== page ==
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Friday press conference - Australian GP - Pt.2

Friday's FIA press conference from Melbourne in Australia with Luis Perez-Sala, Paul Hembery, Eric Boullier, Ross Brawn and Adam Parr
Team representatives: Luis Perez-Sala (HRT), Paul Hembery (Pirelli), Eric Boullier (Lotus), Ross Brawn (Mercedes), Adam Parr (Williams).


Questions from the floor.


Q: (Alberto Antonini – Autosprint).
May I ask all of you your feelings about racing in Bahrain in four weeks' time?

Ross Brawn:
We want to go there. It's been a great place to race in the past. It has its troubles, we hope those troubles are largely behind them and if racing can help bring things together then we should try and do it. We need to monitor the situation, try and make a judgement. People who've been there are telling us the situation's much, much better than it was 12 months ago. So, as I say, if Formula One can help to improve the situation then that would be a great thing for us to do. But it's certainly clearly a lot calmer situation than it was 12 months ago.

Q: (Dieter Rencken - The Citizen).
I believe that a letter was addressed and sent to the Federation regarding the Resource Restriction Agreement (RRA) being enshrined in the regulations. If so, which teams signed, which teams didn't sign and also, what do you hope to achieve and how, please?

Ross Brawn:
I answered the last one.

Adam Parr:
I think you should do this one as well.

Eric Boullier:
We have many correspondences with the FIA on many, many subjects and yes, one of the subjects was the RRA and trying to find a way to maybe make the FIA involved in the process of reinforcing the RRA through an idea like sporting regs. So we just contacted the FIA and Jean Todt to try to set up a group together to discuss the matter.

Q: (Dieter Rencken - The Citizen).
My question was also who signed and who didn't sign the letter. Was it unanimous?

Eric Boullier:
Yes, it was unanimous. Most of the teams have signed it.

Q: (Dieter Rencken - The Citizen).
Most. Who not?

Eric Boullier:
Doesn't matter.

Adam Parr:
I thoroughly agree with what Eric just said, with everything he said.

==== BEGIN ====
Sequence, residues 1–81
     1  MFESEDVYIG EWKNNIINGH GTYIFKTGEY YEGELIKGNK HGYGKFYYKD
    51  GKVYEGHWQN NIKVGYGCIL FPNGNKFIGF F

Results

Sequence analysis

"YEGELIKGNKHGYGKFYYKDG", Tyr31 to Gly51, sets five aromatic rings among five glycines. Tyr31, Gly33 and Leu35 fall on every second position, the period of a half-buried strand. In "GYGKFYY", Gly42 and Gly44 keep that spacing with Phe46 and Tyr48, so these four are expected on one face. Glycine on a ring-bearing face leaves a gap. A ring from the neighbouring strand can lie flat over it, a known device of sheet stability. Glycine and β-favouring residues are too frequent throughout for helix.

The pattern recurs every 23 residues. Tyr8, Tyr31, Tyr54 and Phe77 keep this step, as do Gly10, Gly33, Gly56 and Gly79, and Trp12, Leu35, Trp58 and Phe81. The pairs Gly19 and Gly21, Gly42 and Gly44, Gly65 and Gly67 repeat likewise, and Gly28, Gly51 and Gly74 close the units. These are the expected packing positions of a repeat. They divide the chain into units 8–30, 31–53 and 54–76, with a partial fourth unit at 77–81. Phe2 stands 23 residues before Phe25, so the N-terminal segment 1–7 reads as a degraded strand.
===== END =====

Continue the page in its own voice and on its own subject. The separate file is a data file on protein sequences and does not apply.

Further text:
Q: (Kate Walker - GirlRacer).
Eric, we saw that Kimi didn't get very many laps in either session today. Was that just comfort or were there problems with his steering column and you changed it?

Eric Boullier:
Second session was just planned. Because of the rain, we didn't want to run in the wet conditions so we just waited for a dry situation.

Q: (Mike Doodson - Honorary).
I was interested by Ross's comments about the excitement of the technical challenge of Formula One, which is obviously an ongoing thing. But it still costs all of you millions. Some of you have more than a hundred people in your aero department. I wonder if there are any savings that could be made which would be acceptable to the technician in you, for example, a standard under-car aerodynamic profile?

Ross Brawn:
I'm a little bit reluctant to have standard parts on the car. I'm a great supporter of the concept of the Resource Restriction Agreement, that we have a certain amount of money, a certain number of people we can use and we try and get the cleverest people to do the best job and we win because those people are doing a better job than other people in other teams, not because we've spent twice as much as somebody else. Certainly Mercedes' principle is not to steamroller Formula One with unlimited resource and win on the power of what we've spent. We're very prudent, we want Formula One to be a good example and we believe that the Resource Restriction and some sensible technical regulations and sporting regulations is the best way. There is an argument that perhaps we need to make sure that as we tighten the resource restriction that we don't end up moving all the activity into the aerodynamic field because that's perhaps the area of greatest return for investment, and we do need regulations to make sure that we keep a spread. So I think there can be quite strong constraints to make sure that we don't have cars which are just purely focused on aerodynamics but I'm not a great fan of standardising parts but perhaps in keeping parts within a closer constraint.

Adam Parr:
I agree with Ross. The prime area of means of controlling costs should be controlling expenditure and that's what the Resource Restriction Agreement… in part the Singapore agreement which was signed by all teams 18 months or so ago. That's the primary way of controlling costs because in the past, attempts to cure them purely by technical rules just squeezed the balloon into another shape. However, I think there is also a desire to look at areas of the car that have become ludicrously over-complicated. An example is used of the corners of the car. I think we have over 130 moulds for one brake duct now. And I'm not sure that that does genuinely add to the show. What does add to the show is when people come up with clever ideas, and you can only really have that if you control overall spending, because otherwise it is the more money you've got, the more clever ideas you should be able to come up with. So I think it's a combination of both, as Ross said, and I also feel… I read just a few days ago that Mr Ecclestone was commenting that we should introduce budget cuts into Formula One, so I think you could say that there's quite a consensus now about doing something further.

Eric Boullier:




Related Pictures

Click on relevant pic to enlarge
01.03.2012  Eric Boullier (FRA), Team Principal, Lotus Renault GP
Paul Hembery, Pirelli Motorsport Director
Adam Parr, Chief Executive Officer, Williams F1 Team
23.02.2012 Barcelona, Spain, Ross Brawn (GBR) Team Principal, Mercedes GP Petronas - Formula 1 Testing, day 3 - Formula 1 World Championship
14.10.2011- Press conference, Ross Brawn (GBR), Team Principal, Mercedes GP

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